• 9 Institutional Change and M&A in Japan: Diversity Through Deals
      (pp. 295-338)
      Curtis J. Milhaupt and Mark D. West

      The potential effects of globalization have emerged as a central focus of the corporate law and governance debate. Some scholars argue that national corporate governance systems are converging toward a homogeneous corporate law and governance model (Hansmann and Kraakman 2001). Others claim that despite the pressures of global markets, local institutions will block the emergence of a uniform corporate governance system (Bebchuk and Roe 1999). While the debate has yielded interesting theoretical ideas, ultimately the extent to which national systems are converging is an empirical question that can be resolved only with the appearance of data over time.

      In this...

    • 10 Financial Malaise and the Myth of the Misgoverned Bank
      (pp. 339-372)
      Yoshiro Miwa and J. Mark Ramseyer

      As the century opens, we blame the international financial malaise on lax banking regulation. With the nearly global ideology of democracy what it is, we blame the government when we have half a chance.¹ Banks handle nothing if not finance, and they do seem to be in trouble. In the U.S., bad regulatory design arguably drove the savings and loan fiasco. Within Japan, maybe the same thing ruined the banks.

      We blame it on rich managers. With the global rhetoric of populism what it is, we blame the rich even without half a chance. The rich are different from us,...

    • 11 Revamping Fiduciary Duties in Korea: Does Law Matter to Corporate Governance?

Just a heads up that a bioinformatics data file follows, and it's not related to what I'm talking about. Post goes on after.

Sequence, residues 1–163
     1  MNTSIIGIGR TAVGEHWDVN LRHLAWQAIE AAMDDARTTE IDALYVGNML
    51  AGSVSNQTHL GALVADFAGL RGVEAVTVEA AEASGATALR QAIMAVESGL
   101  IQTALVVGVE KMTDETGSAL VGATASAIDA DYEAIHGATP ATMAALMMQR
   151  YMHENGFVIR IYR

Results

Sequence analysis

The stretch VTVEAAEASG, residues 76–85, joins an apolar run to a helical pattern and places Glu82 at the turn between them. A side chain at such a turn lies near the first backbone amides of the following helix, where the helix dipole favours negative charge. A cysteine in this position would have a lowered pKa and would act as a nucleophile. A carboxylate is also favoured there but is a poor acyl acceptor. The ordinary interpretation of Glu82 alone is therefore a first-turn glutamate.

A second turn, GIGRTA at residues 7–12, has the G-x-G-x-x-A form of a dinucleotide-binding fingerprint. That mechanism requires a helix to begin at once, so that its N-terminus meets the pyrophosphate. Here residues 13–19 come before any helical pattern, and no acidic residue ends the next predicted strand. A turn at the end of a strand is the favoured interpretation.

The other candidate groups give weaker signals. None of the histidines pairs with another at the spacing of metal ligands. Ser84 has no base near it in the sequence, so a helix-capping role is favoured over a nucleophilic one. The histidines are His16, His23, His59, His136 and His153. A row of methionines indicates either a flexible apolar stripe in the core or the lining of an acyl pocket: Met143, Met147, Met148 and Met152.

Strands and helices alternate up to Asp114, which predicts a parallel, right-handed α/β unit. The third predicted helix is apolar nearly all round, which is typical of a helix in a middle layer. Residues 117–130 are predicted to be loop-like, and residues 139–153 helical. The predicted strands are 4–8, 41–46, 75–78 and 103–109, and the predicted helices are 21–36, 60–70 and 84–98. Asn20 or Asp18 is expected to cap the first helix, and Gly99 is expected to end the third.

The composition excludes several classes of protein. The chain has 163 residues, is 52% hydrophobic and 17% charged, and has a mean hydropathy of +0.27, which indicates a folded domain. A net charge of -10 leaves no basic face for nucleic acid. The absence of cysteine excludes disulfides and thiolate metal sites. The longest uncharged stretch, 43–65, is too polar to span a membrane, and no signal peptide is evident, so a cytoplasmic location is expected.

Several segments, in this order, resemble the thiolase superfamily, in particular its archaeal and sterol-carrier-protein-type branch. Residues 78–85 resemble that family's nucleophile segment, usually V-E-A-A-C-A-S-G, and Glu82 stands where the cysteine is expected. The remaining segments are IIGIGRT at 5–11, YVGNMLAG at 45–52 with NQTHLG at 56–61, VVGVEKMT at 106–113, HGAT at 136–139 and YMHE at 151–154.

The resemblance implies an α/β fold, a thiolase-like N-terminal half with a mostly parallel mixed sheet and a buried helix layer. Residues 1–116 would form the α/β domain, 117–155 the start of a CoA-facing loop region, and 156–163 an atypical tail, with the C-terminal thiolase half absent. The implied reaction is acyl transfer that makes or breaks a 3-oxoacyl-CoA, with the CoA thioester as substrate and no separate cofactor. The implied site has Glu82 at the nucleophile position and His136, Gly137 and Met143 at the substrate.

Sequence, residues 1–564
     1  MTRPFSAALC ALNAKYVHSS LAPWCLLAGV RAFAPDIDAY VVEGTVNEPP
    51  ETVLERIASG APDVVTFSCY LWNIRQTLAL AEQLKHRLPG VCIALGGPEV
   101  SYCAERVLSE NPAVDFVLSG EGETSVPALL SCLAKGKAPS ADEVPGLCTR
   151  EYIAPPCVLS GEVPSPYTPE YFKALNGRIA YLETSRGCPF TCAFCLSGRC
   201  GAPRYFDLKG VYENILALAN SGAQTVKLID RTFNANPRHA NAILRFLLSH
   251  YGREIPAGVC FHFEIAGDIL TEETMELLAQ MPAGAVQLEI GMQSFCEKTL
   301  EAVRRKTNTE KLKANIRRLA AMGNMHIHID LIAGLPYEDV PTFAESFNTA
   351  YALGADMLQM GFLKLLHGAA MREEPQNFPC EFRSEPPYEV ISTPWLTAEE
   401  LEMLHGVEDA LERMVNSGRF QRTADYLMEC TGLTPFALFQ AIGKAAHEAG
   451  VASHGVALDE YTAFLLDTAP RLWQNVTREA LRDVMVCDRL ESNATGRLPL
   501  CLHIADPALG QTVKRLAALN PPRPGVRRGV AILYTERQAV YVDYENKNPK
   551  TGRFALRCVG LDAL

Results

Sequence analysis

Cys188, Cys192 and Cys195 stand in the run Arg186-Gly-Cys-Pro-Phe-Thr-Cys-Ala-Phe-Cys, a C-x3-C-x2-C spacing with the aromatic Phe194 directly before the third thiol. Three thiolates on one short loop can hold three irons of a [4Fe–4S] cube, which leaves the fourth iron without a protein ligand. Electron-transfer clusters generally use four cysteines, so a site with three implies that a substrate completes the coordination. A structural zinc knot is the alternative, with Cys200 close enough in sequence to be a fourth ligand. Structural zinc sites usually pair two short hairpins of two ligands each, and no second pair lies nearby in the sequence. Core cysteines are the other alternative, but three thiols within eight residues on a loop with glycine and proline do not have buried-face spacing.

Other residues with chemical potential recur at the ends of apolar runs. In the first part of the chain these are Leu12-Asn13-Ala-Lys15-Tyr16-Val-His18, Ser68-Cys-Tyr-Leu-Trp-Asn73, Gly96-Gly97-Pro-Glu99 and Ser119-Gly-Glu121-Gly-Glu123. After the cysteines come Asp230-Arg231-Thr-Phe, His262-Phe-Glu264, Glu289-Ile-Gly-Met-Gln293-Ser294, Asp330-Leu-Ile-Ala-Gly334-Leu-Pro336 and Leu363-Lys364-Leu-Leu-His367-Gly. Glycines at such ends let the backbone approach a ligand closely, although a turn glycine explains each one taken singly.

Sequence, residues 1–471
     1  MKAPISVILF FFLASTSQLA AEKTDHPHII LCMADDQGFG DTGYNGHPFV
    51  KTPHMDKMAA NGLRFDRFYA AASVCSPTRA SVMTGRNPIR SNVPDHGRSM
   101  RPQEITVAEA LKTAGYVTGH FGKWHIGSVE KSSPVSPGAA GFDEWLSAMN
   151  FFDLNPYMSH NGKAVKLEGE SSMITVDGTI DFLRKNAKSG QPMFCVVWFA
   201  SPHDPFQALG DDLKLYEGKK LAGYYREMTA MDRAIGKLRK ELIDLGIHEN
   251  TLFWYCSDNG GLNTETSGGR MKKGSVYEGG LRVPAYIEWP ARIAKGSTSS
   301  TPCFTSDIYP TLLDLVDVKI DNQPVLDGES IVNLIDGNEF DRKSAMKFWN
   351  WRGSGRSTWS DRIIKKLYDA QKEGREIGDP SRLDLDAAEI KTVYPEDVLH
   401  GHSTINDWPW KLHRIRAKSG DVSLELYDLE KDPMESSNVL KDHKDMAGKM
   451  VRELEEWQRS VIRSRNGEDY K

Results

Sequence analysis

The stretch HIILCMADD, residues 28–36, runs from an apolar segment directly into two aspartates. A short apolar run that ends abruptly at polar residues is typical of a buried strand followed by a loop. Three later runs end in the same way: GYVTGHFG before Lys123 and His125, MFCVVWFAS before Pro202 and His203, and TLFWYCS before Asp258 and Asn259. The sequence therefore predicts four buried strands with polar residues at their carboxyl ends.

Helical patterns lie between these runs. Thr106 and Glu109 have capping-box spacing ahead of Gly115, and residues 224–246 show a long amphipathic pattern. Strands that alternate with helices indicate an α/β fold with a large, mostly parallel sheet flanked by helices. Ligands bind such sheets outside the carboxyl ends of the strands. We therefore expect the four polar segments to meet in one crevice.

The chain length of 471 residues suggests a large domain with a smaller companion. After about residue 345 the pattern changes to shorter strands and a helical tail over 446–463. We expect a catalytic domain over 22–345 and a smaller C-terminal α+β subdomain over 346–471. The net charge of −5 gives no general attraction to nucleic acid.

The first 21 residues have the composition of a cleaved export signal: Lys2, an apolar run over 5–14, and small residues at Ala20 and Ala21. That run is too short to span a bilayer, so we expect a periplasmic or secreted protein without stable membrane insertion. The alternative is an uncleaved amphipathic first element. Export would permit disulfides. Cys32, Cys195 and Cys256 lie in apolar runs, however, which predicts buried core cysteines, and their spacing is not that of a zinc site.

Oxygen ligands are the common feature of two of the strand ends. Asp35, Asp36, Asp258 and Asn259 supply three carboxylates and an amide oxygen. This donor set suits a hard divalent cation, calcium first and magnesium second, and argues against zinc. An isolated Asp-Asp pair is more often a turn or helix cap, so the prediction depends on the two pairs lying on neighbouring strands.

(pp. 373-399)
      Kon-Sik Kim and Joongi Kim

      A provocative debate in comparative corporate governance discourse concerns the question, which factors—law, social norms, market pressure, or others—matter more in corporate governance reform? Korea offers an interesting example for that debate. A general consensus has emerged among policymakers and scholars that Korean corporate governance needs to make the transition to a more capital market-oriented system ( Johnson, et. al. 2000; KFSC and KFSS 2000). The question remains, however, what role should law play in achieving this transformation?

      Several conflicting views exist on this subject. Economists Raphael La Porta et al. have indicated empirically that deep capital markets...

    • 12 Global Markets and Parochial Institutions: The Transformation of Taiwan’s Corporate Law System
      (pp. 400-434)
      Lawrence S. Liu

      Taiwan offers an interesting case for a discussion of global markets and domestic institutions. Taiwan began to develop its economy in the early 1960s, after a reasonably successful land reform program by the Nationalist Kuomintang (KMT) government in the 1950s. The KMT-controlled Republic of China (ROC) government had retreated to Taiwan in 1949 after losing the civil war to China.¹ Despite its impressive economic achievements in the fifty years since the KMT government went to Taiwan, a curious dichotomy persists: While Taiwan has its eyes on global markets, its corporate law system and financial markets remain parochial. Taiwanese businesspeople are...